Prior to the Astro-Hog, by Fred Dunn and published in the April 1958 issue of MAN, radio controlled models were all high wing designs. Consensus of the R/C flyers at the time was that low wingers were doomed and would never be suitable for R/C use. But with the introduction of multi-channel radio equipment featuring simultaneous control, ailerons were the answer. The Astro-Hog opened the door for performing complex manoeuvrers like slow rolls, four point rolls, and inverted flight. The design was reported to be aerodynamically sound and structurally capable of withstanding any normal abuse.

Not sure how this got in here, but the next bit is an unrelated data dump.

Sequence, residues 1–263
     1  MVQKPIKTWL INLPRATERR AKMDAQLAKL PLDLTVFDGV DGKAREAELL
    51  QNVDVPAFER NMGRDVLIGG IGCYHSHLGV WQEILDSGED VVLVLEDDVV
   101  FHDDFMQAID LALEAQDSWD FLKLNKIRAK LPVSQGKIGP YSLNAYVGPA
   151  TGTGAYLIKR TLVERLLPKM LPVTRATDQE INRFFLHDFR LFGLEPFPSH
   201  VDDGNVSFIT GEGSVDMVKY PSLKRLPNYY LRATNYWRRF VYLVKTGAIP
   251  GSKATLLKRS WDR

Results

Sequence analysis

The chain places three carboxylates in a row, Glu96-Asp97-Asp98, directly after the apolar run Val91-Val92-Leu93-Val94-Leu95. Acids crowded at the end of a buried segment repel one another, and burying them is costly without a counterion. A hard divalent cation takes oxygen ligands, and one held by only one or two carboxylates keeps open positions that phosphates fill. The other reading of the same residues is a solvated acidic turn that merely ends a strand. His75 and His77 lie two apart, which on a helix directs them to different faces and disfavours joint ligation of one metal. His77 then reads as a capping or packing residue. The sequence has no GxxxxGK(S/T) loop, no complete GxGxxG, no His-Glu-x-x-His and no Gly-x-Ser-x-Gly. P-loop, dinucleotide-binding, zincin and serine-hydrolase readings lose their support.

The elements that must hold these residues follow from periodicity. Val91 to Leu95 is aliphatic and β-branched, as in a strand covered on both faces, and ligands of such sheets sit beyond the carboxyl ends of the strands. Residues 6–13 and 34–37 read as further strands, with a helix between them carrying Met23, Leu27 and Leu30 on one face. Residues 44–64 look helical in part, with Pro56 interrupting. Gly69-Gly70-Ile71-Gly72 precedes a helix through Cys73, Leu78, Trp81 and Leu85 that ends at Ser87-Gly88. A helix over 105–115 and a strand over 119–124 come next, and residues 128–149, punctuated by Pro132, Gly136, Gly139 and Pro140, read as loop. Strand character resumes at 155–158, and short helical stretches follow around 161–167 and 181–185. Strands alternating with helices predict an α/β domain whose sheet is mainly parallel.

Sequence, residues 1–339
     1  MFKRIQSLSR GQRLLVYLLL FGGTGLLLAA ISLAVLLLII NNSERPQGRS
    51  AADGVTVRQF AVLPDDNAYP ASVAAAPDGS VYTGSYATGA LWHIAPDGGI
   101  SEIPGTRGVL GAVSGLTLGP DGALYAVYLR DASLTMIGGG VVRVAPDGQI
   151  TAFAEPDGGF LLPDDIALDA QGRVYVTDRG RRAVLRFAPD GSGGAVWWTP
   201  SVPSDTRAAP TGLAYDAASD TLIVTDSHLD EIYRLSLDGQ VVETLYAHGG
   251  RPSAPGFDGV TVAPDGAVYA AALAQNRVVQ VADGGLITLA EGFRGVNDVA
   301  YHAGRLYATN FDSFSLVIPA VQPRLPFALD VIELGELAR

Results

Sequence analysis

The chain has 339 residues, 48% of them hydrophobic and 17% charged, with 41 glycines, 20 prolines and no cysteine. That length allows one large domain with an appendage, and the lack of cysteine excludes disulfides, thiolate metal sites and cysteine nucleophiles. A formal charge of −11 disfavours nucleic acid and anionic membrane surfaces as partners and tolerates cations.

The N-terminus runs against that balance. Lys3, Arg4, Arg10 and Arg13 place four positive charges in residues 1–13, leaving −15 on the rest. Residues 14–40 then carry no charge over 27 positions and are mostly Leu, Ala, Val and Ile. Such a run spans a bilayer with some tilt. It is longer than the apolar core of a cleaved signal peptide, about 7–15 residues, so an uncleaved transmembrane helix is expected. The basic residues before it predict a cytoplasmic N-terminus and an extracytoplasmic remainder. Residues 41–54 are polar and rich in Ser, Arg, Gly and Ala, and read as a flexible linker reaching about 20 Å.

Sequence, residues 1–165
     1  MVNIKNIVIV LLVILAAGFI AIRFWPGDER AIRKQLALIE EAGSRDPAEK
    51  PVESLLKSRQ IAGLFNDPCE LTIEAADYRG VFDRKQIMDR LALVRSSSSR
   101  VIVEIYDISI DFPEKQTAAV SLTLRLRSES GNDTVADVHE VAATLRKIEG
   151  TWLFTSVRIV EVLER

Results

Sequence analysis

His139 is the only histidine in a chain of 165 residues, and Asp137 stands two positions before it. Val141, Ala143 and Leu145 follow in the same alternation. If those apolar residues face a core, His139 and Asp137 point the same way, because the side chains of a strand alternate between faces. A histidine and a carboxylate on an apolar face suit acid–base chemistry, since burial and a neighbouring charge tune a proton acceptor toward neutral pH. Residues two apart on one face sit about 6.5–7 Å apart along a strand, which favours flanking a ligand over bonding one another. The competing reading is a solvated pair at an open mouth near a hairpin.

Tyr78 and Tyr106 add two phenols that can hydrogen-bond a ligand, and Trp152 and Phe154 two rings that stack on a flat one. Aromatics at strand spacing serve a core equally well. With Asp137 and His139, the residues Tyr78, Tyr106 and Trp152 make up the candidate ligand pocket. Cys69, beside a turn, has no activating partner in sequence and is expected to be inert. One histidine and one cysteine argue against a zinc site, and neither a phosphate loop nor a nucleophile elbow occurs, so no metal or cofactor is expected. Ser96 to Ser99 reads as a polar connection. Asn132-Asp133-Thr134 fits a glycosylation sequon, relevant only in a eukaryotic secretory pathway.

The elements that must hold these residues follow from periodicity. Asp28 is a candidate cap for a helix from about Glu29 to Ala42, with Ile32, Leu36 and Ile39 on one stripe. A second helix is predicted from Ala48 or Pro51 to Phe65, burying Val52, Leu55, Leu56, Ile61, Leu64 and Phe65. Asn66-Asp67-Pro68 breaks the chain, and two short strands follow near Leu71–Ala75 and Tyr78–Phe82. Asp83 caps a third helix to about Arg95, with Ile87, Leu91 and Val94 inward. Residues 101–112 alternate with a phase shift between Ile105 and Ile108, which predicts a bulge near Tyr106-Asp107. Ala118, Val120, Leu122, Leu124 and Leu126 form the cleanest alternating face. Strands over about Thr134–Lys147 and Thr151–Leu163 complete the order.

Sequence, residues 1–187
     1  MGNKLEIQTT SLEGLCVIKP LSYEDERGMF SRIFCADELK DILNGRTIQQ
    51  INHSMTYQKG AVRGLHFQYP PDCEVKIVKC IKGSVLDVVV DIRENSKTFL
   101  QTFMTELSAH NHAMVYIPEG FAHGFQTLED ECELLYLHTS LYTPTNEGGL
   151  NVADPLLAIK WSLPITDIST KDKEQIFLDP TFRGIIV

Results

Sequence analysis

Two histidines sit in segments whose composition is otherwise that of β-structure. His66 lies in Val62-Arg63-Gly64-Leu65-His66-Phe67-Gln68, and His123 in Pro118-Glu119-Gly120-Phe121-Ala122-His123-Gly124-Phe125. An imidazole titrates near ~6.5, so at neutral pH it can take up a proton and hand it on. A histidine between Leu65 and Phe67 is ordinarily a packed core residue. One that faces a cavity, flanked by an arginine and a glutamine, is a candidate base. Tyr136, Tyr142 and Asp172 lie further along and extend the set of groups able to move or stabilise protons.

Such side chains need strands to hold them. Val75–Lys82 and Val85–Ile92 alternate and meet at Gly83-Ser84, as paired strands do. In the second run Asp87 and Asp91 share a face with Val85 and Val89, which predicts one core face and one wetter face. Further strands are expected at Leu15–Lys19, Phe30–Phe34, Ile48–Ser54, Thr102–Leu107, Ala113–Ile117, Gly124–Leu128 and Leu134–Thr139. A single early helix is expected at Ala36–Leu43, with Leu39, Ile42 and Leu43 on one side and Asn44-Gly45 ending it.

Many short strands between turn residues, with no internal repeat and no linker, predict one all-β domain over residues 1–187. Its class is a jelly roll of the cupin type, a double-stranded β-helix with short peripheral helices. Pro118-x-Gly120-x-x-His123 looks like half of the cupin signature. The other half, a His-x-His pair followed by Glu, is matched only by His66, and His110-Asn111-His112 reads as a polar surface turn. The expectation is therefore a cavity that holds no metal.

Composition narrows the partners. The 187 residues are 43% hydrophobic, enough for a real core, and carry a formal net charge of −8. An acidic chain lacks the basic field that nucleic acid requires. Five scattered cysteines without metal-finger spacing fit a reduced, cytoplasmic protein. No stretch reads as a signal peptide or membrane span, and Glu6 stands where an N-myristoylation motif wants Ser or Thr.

It was also reported that the number of flights per crackup was increasing with the Astro-Hog which led many builders to add extra finishing details to their models. At 36" span the BMJR Astro-Hog is half size of the original 72", and is truly a model of a model. With brushless electric power, and wing area 194 sq. in. and a flying weight in the 17oz range, its flight characteristic has proven to be excellent, and following the original structural design has produced a substantial airframe.